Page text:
I left Mumbai as a girl and came back as a woman. But today, my open-mindedness gives my family a free pass to slut-shame me and use my name to slut-shame their daughters.
Studying in another city came with the sweet taste of independence and freedom, which in turn gave me a level of confidence that made me walk with my chin up and my shoulders back. When I was in school, I wouldn’t even wear shorts in the house if there was a male presence around. But cut to college, I’d walk into a room with high heels, a short skirt and a dark brown lipstick with absolutely no apprehension or timidity.
Apparently, as I’ve learnt now from my family, that’s the benchmark of being a ‘whore’.
The same men and women who told my mom that I would grow up to be a ‘strong woman’ as they picked me up as a newborn, are the same who spew poison about how I carry myself, how I dress and the fact that I have an occasional sip of rum after college.
Every time I changed my WhatsApp profile picture while I was away, my mother would get a call about how I needed to be regulated and monitored. She would then frantically call me and get me to change the picture.
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There came a point when I’d deliberately change my WhatsApp display picture to something they wouldn’t like just to get a rise out of them. Then I’d countdown to a panicky phone call from my mother and my roommate and I would have a laugh about just how clockwork the whole thing was.
My Instagram was another treasure trove for the women in my family to pick out beer cans in the background and call me an ‘alcoholic’. They saw the length of my skirt and discussed how I ‘was asking for it’.
The first time my mother called me about this, I cried as I bathed that morning, wondering how it was that I was changing into an ‘undesirable product’. It took me some time to realise that if growing into someone who had an opinion that was different meant being labelled an ‘undesirable product’, then I was one and would be one.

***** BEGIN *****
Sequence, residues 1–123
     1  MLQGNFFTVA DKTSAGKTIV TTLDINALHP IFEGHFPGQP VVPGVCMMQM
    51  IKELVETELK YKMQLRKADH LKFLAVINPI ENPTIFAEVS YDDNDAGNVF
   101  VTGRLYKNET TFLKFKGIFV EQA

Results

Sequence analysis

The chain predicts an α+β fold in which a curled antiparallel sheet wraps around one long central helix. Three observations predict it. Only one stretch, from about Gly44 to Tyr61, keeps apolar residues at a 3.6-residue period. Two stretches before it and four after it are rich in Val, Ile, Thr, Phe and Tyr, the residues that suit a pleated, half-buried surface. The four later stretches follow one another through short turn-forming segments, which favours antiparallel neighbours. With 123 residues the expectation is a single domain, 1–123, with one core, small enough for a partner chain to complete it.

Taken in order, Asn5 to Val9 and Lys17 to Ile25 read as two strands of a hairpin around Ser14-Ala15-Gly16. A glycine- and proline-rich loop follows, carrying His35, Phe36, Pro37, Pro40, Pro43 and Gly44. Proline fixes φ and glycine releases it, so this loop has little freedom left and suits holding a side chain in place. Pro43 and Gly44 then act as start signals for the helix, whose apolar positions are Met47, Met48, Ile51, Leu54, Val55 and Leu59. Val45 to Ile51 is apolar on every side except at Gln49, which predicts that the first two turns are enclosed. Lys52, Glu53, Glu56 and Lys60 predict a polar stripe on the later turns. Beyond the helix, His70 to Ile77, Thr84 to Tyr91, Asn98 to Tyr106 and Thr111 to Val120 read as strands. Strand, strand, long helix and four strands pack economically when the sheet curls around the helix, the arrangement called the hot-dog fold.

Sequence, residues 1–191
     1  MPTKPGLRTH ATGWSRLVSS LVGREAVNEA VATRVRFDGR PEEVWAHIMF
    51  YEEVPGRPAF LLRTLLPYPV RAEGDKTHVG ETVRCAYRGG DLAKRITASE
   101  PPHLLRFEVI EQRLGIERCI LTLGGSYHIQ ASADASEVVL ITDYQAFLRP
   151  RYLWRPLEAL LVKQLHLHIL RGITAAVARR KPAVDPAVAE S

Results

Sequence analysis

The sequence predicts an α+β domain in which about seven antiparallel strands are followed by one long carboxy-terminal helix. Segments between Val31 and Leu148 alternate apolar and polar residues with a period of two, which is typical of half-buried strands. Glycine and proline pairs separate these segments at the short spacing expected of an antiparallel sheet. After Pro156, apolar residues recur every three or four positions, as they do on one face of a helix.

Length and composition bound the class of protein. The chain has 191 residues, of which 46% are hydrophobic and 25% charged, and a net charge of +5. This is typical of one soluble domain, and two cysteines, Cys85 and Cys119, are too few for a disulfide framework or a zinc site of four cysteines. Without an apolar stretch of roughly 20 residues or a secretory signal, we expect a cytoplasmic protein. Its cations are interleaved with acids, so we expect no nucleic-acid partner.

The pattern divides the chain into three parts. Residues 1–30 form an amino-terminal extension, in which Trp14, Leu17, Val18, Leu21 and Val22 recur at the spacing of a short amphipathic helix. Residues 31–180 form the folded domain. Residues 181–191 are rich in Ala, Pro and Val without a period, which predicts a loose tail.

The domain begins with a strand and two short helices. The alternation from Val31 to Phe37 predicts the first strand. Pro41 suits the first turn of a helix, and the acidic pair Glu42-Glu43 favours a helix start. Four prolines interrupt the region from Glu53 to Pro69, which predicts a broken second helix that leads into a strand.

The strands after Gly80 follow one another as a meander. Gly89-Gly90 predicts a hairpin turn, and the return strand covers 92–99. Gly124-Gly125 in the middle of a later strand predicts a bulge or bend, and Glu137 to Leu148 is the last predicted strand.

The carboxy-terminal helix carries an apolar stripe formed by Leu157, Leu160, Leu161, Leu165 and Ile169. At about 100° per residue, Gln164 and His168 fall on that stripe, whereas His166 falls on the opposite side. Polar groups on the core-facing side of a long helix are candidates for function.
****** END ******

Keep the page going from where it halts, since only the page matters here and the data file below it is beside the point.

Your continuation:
I was a journalism student who had an interest in documentary filmmaking and I believe I created some good content. At the back of my head, I would wonder if that was enough to have everyone stop talking about me.
But of course that wasn’t the case.
I remember when a cousin, let’s call her Ananya, called me to say that she wore a top that showed a bit of her cleavage. “Don’t dress like Mirika,” is what her mother snapped at her.
I ran to buy a pack of cigarettes, crying. It was all selective, I thought, as I recalled their stories of various boyfriends, bright red midis, and cigarettes stolen from their fathers.
With cleavage now being seen as “don’t dress like Mirika”, my heart would sink, and I would tear up. All this body positivity I had learnt would threaten to disappear into thin air.
But no, I didn’t want that to happen. They may see me as an ‘undesirable product’, but I refuse to do so to myself.
For long, women’s behaviour, conduct, sexuality and sexual expression has been policed via slut-shaming for centuries, while men’s behaviour is overlooked. It is a form of systemic discrimination, all stemming from the patriarchal structures that have jailed women for centuries. As a result, it’s not entirely the fault of the female members of my family that they see me the way they do – as uncultured, uncouth and disrespectful, as someone straying from the path of structured femininity that they followed.
But at times I wonder: Was I vicariously living their dream or were they just plain mean? I will never know. What perturbs me most is that they are my family.
Now, every time I’m met with a nasty glance at my cleavage or my legs, I respond with a sinister smile and I love everything about their aghast reaction.
Mirika is a journalist and a documentary filmmaker in the making. She writes about culture, politics and international relations and hopes to work as a long-form documentary correspondent.
Featured image: A still from Netflix’s Big Mouth